Daily Archives: October 18, 2014

Because This Time Is Never Different, In 100 Year Old Cartoons

Hat tip to Zerohedge:

impartial justice pic

US Wall Street bank

Cashmere v. State of Washington Dept of Revenue: Recent REMIC case in Washington

This is a Sept 25, 2014, Washington State supreme court ruling on REMIC taxes not exempt because Cashmere did not receive any interest in mortgages or deeds of trust to back its investment.

Cashmere v. Dept of Revenue (PDF)

Michael Gamsky testified that REMIC investments are not secured transactions because issuers do not pledge any property as security for the investments. He explained that investors who purchase REMIC certificates are beneficiaries of a trust and they have contractual rights under the pooling and servicing agreement, but they are not secured investors.

After reviewing the evidence, the superior court granted summary judgment to DOR. The Court of Appeals affirmed, holding that Cashmere’s investments were not primarily secured by first mortgages or deeds of trust because Cashmere had no power to institute foreclosure proceedings. Cashmere Valley Bank, 175 Wn. App. at 418. Thus, the bank’s investments were not secured and the deduction did not apply. /d. at 418-19. Cashmere petitioned for review, and the Washington Bankers Association filed an amicus curiae memorandum in support of review. We granted review. 179 Wn.2d 1008, 316 P.3d 494 (2014).

Cashmere Valley Bank v. State Department Of Revenue


Read more: http://www.certifiedforensicloanauditors.com/articles/10.14/recent-remic-case-in-washington.html#ixzz3GT5Q4aR6

Smart program saves homeowners from foreclosure

Washington Post:

In September, foreclosure filings were down 19 percent from a year ago, the lowest level since July 2006, according to RealtyTrac. However, filings were up slightly for the third quarter, with 22 states posting year-over-year increases in scheduled foreclosure auctions. Florida, Maryland and New Jersey had the highest foreclosure rates in the third quarter.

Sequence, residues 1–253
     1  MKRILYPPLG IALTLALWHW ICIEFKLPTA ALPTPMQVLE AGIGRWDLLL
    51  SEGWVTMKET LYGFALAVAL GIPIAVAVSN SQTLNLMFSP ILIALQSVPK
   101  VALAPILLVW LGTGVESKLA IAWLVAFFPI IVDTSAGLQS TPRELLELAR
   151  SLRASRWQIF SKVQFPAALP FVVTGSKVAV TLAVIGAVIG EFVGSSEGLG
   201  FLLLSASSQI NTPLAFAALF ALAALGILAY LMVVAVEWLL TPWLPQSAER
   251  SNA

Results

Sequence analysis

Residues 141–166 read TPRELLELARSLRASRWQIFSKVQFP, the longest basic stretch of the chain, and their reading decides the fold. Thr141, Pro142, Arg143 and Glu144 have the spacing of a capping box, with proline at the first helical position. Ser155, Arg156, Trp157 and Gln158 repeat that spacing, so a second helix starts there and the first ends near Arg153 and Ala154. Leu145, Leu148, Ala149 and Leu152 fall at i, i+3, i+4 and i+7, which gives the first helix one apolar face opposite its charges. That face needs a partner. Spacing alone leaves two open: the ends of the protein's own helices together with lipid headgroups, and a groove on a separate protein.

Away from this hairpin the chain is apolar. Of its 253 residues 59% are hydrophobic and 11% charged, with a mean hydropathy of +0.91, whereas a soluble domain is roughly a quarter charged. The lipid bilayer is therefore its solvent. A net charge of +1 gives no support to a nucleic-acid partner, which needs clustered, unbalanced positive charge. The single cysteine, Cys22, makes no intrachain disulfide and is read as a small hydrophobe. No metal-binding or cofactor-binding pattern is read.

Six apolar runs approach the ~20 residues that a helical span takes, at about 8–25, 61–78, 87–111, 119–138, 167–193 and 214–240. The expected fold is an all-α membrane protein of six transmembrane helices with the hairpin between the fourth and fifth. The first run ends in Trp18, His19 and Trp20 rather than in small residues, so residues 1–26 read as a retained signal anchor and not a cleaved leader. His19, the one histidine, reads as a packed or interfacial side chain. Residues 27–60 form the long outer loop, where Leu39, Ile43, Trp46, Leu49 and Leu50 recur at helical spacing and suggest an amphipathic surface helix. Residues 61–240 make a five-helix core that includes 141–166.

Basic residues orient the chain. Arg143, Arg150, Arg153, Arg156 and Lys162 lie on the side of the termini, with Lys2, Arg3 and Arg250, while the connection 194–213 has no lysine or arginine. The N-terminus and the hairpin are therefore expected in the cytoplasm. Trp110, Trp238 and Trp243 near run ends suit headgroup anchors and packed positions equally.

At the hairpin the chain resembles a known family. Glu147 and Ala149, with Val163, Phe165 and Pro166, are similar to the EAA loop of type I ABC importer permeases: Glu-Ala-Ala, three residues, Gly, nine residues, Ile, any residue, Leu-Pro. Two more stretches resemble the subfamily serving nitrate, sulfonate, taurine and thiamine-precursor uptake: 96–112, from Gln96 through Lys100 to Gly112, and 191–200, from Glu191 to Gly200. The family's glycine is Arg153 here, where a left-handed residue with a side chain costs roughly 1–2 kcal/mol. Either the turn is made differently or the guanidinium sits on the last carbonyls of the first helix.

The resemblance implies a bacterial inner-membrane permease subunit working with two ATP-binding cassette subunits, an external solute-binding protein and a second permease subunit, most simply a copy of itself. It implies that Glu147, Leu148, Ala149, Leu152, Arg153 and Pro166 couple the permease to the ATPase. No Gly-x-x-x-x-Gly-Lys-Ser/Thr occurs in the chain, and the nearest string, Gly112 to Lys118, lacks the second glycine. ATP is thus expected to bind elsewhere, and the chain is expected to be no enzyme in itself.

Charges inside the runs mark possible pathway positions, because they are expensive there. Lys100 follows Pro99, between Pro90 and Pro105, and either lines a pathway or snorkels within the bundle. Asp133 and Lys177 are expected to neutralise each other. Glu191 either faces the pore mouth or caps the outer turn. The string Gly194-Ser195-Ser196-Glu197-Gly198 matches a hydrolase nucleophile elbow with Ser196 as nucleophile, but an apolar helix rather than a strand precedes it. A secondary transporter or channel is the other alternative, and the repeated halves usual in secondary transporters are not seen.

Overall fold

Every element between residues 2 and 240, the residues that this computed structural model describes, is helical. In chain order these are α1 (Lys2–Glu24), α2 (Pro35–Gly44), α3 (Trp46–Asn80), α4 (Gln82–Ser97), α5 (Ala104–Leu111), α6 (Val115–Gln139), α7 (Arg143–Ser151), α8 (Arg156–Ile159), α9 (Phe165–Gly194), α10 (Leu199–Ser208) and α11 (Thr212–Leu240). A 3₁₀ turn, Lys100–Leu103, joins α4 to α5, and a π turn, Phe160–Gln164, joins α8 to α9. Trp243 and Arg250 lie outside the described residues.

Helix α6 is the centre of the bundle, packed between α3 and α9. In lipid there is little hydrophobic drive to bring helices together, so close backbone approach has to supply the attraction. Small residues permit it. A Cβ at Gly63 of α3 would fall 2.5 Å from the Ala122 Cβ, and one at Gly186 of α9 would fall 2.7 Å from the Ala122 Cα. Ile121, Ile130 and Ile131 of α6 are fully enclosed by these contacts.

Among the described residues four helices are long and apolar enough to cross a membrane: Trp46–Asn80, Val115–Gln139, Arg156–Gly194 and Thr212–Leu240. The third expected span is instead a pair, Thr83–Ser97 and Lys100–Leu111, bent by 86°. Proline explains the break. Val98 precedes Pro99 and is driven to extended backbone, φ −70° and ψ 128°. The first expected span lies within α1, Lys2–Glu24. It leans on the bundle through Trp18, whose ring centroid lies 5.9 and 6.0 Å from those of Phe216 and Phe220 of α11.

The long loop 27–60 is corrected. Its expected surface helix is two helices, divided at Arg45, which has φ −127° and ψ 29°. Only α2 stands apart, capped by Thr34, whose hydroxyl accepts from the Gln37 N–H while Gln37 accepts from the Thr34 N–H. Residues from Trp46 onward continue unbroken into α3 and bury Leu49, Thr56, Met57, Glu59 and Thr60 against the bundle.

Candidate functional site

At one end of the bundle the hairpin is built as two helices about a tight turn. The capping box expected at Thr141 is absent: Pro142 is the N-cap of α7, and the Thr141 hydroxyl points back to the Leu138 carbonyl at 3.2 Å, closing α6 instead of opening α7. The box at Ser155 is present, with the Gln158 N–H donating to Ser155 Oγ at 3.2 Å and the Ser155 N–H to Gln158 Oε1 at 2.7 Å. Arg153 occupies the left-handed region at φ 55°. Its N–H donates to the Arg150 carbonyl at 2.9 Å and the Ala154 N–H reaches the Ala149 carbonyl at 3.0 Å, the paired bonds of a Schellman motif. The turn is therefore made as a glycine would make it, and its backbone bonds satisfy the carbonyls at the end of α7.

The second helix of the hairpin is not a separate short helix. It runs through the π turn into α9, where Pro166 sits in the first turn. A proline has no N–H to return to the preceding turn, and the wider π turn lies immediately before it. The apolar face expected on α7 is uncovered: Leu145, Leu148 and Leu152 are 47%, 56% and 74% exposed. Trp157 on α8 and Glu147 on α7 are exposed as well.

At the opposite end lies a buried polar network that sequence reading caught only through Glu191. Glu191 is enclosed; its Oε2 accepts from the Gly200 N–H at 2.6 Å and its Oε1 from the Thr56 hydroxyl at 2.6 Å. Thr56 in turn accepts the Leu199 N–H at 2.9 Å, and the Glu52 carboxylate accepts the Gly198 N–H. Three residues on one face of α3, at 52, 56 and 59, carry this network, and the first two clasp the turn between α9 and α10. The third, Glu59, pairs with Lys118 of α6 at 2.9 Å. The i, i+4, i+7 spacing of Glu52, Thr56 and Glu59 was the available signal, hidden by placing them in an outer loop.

“A recent rise in scheduled foreclosure auctions in many markets across the country shows lenders are continuing to clean house of lingering delinquent loans,” said Daren Blomquist, vice president at RealtyTrac.

So what’s the best strategy to help people keep their homes?

The housing crisis was so deep and troubling that we need to be open to helping homeowners in various ways. Even then, many people, still struggling to bring in enough income, may have to let their homes be foreclosed upon. Others in better situations may best be served by getting a loan modification. In some cases, it might be necessary to reduce people’s principals, bringing their mortgages in line with current market prices.

And then there’s the innovative solution that helped Shepard save her home. She was one of the first homeowners in Maryland to be rescued from foreclosure through the Boston Community Capital Stabilizing Urban Neighborhoods Initiative, known as SUN. It’s an amazing program that specifically targets folks such as Shepard who are back on their feet financially and can afford to stay in their homes if the price is right.